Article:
• Possibly this can help: blog.hasura.io/… Jun 7, 2018 at 11:20
  • 1
    @VishalBiyani thx but i would like to avoid setting up localhost:5000 repo - it works but then i d need to push to it each time i create a new version of app. Skaffold seems to find some solution for this problem...
    – user62058
    Jun 7, 2018 at 12:11
  • 3
    try to use tagged version of image rather than latest. Jun 7, 2018 at 12:11
  • @techtrainer you seems to be right. As soon as i give a valid tagged version everything works. Do you know why is that ? I just wanted to use Docker Edge Kubernetes for local develpoment only and thought that using "latest" would be a good idea..
    – user62058
    Jun 8, 2018 at 7:35
  • 4
    the reason is simple, no one knows what is latest. So, docker has to go online and check what is value of latest. As soon as you tag it, it can see that tagged version of image is present locally and does check it online. Jun 8, 2018 at 9:13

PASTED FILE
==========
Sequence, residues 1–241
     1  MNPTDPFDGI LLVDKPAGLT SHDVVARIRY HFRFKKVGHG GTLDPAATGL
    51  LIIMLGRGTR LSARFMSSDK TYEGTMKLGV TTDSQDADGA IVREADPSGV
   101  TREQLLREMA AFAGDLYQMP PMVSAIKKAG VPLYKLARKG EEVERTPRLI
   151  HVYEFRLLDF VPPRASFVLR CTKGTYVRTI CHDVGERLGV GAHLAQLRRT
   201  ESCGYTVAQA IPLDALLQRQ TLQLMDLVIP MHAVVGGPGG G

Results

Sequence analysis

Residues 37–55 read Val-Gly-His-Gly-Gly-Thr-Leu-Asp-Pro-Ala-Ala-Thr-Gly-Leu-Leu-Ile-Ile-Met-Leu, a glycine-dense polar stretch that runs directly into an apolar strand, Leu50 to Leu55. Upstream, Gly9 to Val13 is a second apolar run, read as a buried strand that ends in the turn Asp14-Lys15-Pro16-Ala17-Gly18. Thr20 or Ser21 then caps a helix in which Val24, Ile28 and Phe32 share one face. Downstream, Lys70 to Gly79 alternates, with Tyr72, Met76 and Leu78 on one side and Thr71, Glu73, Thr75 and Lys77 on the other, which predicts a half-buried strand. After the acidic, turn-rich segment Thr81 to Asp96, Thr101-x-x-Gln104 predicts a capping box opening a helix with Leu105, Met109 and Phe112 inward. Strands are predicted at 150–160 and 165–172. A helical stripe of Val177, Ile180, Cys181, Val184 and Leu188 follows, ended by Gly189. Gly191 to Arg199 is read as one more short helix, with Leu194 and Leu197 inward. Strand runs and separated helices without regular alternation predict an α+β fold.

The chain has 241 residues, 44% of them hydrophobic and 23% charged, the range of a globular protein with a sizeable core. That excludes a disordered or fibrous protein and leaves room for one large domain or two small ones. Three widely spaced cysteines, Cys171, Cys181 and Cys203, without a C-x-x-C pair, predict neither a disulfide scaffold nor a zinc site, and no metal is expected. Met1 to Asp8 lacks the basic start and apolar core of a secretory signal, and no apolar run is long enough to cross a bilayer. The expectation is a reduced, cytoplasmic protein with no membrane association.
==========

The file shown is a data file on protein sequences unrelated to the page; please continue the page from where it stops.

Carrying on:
3 Answers 3


I was able to run a local image by setting the imagePullPolicy to Never.

For example:

apiVersion: v1
kind: Pod
  name: local-image-test
  - name: local-image-container
    image: local-image:latest
    imagePullPolicy: Never

(Credit to https://github.com/kubernetes/kubernetes/issues/1293#issuecomment-357326426 for this solution)

  • Don't know why "imagePullPolicy: Never" works but it did Dec 5, 2018 at 6:14
  • 9
    B/C as here explained kubernetes.io/docs/concepts/containers/images/#updating-images using "latest" tag will always force a pull, as if set imagePullPolicy:always while the default value is IfNotPresent. Set imagePullPolicy:IfNotPresent should work too.
    – Qiulang
    Jul 8, 2019 at 3:05
  • 1
    Command-line equivalent: kubectl run local-image-test --image=local-image --image-pull-policy=Never
    – Daniel
    Dec 4, 2020 at 17:44
  • Im no expert, but i assume this works because without it, the first thing it tries to do is go pull the image from the public registry. And obviously it wont be able to find it because its only built locally. So basically, by telling it to never go look for a newer image to pull, it will be forced to use what it already has locally. Qiulang is right, imagePullPolicy: IfNotPresent is a more accurate option to what we are doing here and does also work. FWIW: i had this same issue and I was using a versioned tag, not latest.